The Duomo (Santa Maria del Fiore, 1463), the enormous florentine cathedral. It is the fourth biggest church in Europe, and its dome dominates the landscape on any postcard of the city.
In front the Duomo lies the Batisterio, from the 4th Century, which makes it one of the oldest buildings in Florence. That's where many Florentine were baptised, including Dante.
Take money, lots of it...
Florence is a city you can take a suitcase to. The route from the train station to the Duomo area is all sidewalk, with a little cobblestoned areas, but easily travelled. Plus, it is walking distance. If you intend to visit the Duomo, or other churches while visiting, bring a shawl with which to cover your bare arms and shoulders. Or, better still, buy one from the many stalls, cheap enough.
I always suggest running shoes, or a good comfortable walking shoe. If you have a need for heels, carry them, wear sandles, and change before going into the restaurant. I always suggest Advil, because they are not available in Italy. So, if Migrains are a part of your life, stock up. Lots and lots of photo ops. Bring film, extra memory for your digital, and spare rechargeble batteries. Buy a charger here if necessary. About 12 euro. Florence is so expensive, at least around the Duomo. We were with my mother-in-law who is 78 yrs., so we didn't venture too far from our hotel this trip. (Aug 04) Food is horrendously expensive, and to buy a drink of ordinary pop, expect to spend 3.30 euro. Outrageous, and unnecessary.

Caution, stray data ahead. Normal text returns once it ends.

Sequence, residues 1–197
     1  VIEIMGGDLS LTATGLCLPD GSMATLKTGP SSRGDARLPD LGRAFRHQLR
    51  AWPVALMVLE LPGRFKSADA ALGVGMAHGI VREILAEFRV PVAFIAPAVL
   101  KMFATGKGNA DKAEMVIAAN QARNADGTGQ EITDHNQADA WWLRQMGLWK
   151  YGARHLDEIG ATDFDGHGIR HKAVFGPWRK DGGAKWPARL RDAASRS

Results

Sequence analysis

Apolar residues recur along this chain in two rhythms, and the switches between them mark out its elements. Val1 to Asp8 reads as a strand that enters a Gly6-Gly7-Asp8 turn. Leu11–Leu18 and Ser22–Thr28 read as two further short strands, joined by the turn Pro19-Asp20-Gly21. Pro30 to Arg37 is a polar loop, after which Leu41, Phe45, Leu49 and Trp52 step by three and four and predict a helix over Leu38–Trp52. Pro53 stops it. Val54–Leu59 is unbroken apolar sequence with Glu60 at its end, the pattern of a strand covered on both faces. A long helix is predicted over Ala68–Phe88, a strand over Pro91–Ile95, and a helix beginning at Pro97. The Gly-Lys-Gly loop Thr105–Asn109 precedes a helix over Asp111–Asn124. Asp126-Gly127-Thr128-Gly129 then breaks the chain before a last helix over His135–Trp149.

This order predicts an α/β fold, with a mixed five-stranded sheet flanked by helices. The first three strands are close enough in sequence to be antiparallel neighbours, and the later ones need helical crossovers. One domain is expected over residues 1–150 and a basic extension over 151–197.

If you happen to be heading to Venice first, and travelling in the hot summer months, pick up a fan, but look for the all wood type. Last longer, and quite necessary ladies.
HAVE A STROLL THROUGH HISTORY
A lot of visitors to Florence take pictures of the Ponte Vecchio, but don’t go and see the many shops on the bridge. It is worth a look around. Mostly the businesses are Jewellers and I have to admit it was way beyond my budget, but you don’t have to buy anything. It is said that the practice of ‘Bankruptcy’ was invented here. The Italian words ‘il banco’ meaning sellable goods were combined with the word ‘rotto’ meaning broken. Combined they are: banco-rotto (bankrupt). In practice merchants used to have their tables broken into pieces if they could not pay their debts. No table = not able to sell anything, so no money. You can also get some great views of the River Arno from the middle of the bridge. Rowboats are frequently seen going under the bridge as well.
Just Walk It
The City Center in Florence is so small that you can walk it with great ease. It's better that way, too, 'cause then you can take in all the visual sites.
Just watch out for cars and scooters 'cause they come awfully close to hitting pedestrians.
A glass of Scacciapensieri...
This osteria is next to the church of San Niccolò and the lower part of the restaurant was once a chapel dating from the 11th century. If you take a look above your head, you'll find salami and cheese hanging from the floor. The tables are made of marble and it all sounds very tuscan :) The menu is based on true Florentine specialties: tripe, eel, boiled tongue in green sauce... or penne in a light cream sauce, farro soup, or soups of the season like ribollita or pappa al pomodoro. You can also choose a plate of assorted sliced meats and cheeses or generous salads.
I had crostini toscani and pasta pasticciata al forno . Very yummy!
And last but not least, let's mention wine: there's a good selection of wines, with the emphasis on those of Tuscany. I had a Chianti Scacciapensieri .